There is now so little specifically Christian heroism in the world, so little martyrdom, so few visible saints. Hence the hearts of young people in particular are not stirred up to aspire to the heroic path of sanctity which in times past was responsible for countless number of good Christian lives and dedicated service to the Church. In their rush to become just as worldly as everyone else, consecrated religious in particular have ceased trying to convey to children, at a very sensitive time in their lives, the possibility of living an extraordinary, even a heroic life.
The appeal of political religion is not difficult to understand. For many the prospect of an earthly utopia is far more vivid than the prospect of eternal life. The invitation to join in creating such a utopia is also very flattering—why waste time on humble tasks like teaching children or nursing the sick when one can aspire to nothing less than recreating the world? In this context the "distraction" of other-worldliness, the danger that people will once again think seriously about the prospect of eternity, has to be opposed untiringly.
It is also not difficult to understand why the humble tasks traditionally associated with religious life might have little appeal in comparison with the grandiose prospects which the new political religion holds out. There is, however, one very practical point which should be borne in mind—humble tasks like teaching and nursing do accomplish something, however limited it may be. To give oneself to the great scheme of remaking the world is to court the possibility that one's work will come to nothing that the whole enterprise will turn out, as has so often been the case in the past, to be an empty adventure.
It is quite extraordinary how little authentic Christian prophecy there is in the political realm today, despite all the talk about it. For the most part what passes as prophecy is merely Christians echoing, and usually echoing rather badly, what has already been said, and said better, by other people. Many Christians try to prove the "relevance" of their faith by showing secularists that they believe the same things the secularists believe. The only thing they succeed in doing, however, is confirming the secularists' opinion that Christianity truly is irrelevant and need not be taken seriously.
Abortion is an instructive instance since it is the one crucial point at which authentic Catholic witness at present clashes with so much of received secular wisdom, and it is shocking and disheartening to see how so many Catholics, and even many religious, seem quite prepared to surrender on the abortion question in the interests of "more important" political goals.
Given the religion of politics which is so pervasive at present, there is a growing tendency on the part of many Catholics to allow the state to take the lead on moral questions, so that once the state has decided to permit and even encourage abortions it becomes "divisive" to question this policy.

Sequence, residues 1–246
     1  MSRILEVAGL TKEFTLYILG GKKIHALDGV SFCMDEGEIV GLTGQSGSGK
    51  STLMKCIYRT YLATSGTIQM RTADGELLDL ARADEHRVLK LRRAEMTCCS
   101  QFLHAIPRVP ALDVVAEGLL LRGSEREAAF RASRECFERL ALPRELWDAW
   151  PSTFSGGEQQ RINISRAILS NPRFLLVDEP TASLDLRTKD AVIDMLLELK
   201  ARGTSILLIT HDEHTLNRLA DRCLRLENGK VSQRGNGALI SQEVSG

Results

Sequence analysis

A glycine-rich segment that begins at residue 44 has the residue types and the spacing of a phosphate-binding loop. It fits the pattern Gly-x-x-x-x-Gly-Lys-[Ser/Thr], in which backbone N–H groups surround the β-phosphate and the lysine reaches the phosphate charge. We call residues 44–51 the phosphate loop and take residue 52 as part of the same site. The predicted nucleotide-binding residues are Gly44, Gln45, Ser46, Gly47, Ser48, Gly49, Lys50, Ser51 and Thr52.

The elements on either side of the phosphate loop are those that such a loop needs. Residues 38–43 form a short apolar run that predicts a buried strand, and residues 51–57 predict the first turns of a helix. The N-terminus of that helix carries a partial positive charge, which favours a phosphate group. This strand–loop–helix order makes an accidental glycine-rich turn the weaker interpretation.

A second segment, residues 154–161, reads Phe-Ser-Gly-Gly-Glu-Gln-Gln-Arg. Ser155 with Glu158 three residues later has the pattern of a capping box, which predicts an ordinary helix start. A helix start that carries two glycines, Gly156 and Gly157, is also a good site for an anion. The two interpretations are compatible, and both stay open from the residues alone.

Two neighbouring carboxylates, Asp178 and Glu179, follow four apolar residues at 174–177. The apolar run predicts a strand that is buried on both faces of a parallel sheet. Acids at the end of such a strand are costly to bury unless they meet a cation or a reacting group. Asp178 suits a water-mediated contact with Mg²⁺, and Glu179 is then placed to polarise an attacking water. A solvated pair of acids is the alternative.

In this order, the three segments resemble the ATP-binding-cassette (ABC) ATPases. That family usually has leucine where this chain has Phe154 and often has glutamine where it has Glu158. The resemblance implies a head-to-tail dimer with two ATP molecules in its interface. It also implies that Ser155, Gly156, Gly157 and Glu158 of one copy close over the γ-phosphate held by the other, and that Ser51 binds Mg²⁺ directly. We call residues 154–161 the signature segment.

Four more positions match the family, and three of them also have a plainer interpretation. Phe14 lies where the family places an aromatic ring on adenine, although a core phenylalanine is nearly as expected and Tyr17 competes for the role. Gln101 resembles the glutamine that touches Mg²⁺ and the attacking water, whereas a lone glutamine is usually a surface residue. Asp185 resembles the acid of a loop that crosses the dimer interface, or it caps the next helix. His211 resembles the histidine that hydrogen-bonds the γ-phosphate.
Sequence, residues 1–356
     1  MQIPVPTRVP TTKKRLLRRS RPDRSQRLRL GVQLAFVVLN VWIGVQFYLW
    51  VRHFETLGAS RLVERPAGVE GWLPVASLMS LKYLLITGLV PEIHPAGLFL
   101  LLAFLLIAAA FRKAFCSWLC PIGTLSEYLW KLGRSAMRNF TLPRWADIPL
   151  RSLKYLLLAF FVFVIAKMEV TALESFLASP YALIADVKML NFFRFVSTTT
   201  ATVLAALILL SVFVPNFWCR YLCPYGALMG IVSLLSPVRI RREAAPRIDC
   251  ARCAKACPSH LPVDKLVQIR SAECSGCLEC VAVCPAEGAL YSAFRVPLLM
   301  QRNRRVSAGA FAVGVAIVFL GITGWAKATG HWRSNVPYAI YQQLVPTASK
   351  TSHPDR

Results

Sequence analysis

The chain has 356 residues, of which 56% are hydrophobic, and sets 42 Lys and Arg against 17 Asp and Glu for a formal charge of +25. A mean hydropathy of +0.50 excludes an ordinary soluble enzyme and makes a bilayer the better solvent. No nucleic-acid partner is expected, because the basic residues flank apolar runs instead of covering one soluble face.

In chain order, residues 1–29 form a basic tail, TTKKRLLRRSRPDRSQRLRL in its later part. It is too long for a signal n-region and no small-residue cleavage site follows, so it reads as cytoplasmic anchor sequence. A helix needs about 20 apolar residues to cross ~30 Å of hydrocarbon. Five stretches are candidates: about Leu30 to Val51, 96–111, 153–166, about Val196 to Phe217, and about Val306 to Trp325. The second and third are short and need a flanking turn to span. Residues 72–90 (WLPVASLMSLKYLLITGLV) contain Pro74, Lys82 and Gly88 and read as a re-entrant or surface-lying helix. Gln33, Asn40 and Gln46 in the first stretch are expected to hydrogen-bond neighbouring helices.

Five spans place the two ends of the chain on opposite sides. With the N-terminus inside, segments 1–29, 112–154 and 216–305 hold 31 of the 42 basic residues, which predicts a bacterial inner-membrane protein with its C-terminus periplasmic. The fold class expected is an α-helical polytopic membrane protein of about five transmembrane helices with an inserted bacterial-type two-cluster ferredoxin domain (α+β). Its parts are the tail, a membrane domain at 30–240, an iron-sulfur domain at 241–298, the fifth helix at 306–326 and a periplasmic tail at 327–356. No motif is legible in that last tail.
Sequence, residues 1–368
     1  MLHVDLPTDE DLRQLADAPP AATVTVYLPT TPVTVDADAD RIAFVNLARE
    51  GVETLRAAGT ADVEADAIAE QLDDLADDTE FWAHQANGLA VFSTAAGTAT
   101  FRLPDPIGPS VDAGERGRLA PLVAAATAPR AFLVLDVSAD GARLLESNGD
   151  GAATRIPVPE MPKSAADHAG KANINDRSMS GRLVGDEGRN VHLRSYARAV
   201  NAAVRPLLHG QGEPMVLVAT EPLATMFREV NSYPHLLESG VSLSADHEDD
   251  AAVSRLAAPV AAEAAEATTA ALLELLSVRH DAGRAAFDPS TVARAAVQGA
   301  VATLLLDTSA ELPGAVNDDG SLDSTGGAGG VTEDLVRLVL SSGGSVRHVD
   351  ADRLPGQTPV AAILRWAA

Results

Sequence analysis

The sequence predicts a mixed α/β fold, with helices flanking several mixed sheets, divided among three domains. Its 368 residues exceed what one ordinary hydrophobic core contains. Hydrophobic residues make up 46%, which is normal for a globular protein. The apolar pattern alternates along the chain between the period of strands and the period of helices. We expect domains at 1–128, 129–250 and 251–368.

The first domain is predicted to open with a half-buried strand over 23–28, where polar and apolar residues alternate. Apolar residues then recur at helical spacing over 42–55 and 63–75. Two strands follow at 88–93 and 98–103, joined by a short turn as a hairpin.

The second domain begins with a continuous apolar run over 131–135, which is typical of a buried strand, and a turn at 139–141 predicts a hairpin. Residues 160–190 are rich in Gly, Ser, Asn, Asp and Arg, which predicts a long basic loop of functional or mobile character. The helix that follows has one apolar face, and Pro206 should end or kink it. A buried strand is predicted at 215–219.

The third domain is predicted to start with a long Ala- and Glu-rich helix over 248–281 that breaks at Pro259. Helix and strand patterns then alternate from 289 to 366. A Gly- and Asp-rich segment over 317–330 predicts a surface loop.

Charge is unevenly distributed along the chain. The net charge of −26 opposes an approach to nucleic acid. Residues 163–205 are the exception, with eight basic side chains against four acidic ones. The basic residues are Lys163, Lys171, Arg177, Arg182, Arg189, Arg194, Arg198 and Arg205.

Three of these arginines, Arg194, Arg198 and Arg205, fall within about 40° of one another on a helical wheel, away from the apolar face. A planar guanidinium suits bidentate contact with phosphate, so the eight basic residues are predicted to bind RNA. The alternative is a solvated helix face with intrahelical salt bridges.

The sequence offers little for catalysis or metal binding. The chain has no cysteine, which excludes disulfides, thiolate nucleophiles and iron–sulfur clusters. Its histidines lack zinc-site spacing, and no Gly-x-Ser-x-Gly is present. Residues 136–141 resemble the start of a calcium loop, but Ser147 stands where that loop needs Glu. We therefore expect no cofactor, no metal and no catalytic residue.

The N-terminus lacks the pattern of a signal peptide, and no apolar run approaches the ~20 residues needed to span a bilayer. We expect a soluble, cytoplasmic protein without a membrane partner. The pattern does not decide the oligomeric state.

In fact we are faced with the prospect, by the end of this century of most private charitable institutions—schools, hospitals, nursing homes, etc.—being taken over by the state, mainly through financial pressure, leaving religion without any effective social expression. We will be allowed to believe our strange doctrines, but we will be prevented from giving them effective public expression.
In the end it may well turn out that, paradoxically, it is precisely the humble tasks—teaching children and young people in schools that are genuinely Catholic, creating medical environments which likewise manifest the true spirit of Christ—that will be effective in transforming the world. Those who join in the great utopian political adventures may find that they merely end by supporting the final triumph of a militant secularism, while those who have taken the pains to keep alive and nourish genuinely Christian institutions will be those who have provided a place for truth and freedom to dwell.
The history of the Church shows that, from time to time, God does confront his people with new tasks. New religious communities are formed to perform these tasks, or existing communities are altered to meet new needs. We cannot say that in our own day religious are bound solely by those apostolates they have carried on in the past or that they cannot and should not change.
What we can insist, however, is that tasks which are so basic and so firmly rooted in the life of the Church be not cavalierly thrown away as of no importance. And above all we can insist that Christians who go into the world, genuinely go for the sake of saving it, that they go as true ambassadors of Christ.
Weekly Edition in English
28 September 1978, page 6